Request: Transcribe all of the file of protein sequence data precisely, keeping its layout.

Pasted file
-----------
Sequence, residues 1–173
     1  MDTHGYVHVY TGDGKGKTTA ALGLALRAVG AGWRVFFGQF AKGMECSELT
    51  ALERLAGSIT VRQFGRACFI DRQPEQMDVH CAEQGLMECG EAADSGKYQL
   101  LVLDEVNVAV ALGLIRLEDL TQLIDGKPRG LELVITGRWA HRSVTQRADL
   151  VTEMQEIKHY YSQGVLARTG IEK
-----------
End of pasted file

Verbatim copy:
Sequence, residues 1–173
     1  MDTHGYVHVY TGDGKGKTTA ALGLALRAVG AGWRVFFGQF AKGMECSELT
    51  ALERLAGSIT VRQFGRACFI DRQPEQMDVH CAEQGLMECG EAADSGKYQL
   101  LVLDEVNVAV ALGLIRLEDL TQLIDGKPRG LELVITGRWA HRSVTQRADL
   151  VTEMQEIKHY YSQGVLARTG IEK